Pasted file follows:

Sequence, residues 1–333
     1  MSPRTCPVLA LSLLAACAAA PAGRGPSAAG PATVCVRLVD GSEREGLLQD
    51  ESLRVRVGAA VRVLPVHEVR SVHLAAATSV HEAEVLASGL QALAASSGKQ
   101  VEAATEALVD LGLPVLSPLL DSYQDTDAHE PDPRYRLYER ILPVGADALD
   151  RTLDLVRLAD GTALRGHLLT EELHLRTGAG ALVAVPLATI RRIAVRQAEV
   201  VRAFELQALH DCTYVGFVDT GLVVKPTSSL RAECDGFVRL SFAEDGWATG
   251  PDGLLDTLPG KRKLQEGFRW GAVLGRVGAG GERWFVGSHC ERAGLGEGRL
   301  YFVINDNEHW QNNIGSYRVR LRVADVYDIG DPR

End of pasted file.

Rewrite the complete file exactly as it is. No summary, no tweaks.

Sequence, residues 1–333
     1  MSPRTCPVLA LSLLAACAAA PAGRGPSAAG PATVCVRLVD GSEREGLLQD
    51  ESLRVRVGAA VRVLPVHEVR SVHLAAATSV HEAEVLASGL QALAASSGKQ
   101  VEAATEALVD LGLPVLSPLL DSYQDTDAHE PDPRYRLYER ILPVGADALD
   151  RTLDLVRLAD GTALRGHLLT EELHLRTGAG ALVAVPLATI RRIAVRQAEV
   201  VRAFELQALH DCTYVGFVDT GLVVKPTSSL RAECDGFVRL SFAEDGWATG
   251  PDGLLDTLPG KRKLQEGFRW GAVLGRVGAG GERWFVGSHC ERAGLGEGRL
   301  YFVINDNEHW QNNIGSYRVR LRVADVYDIG DPR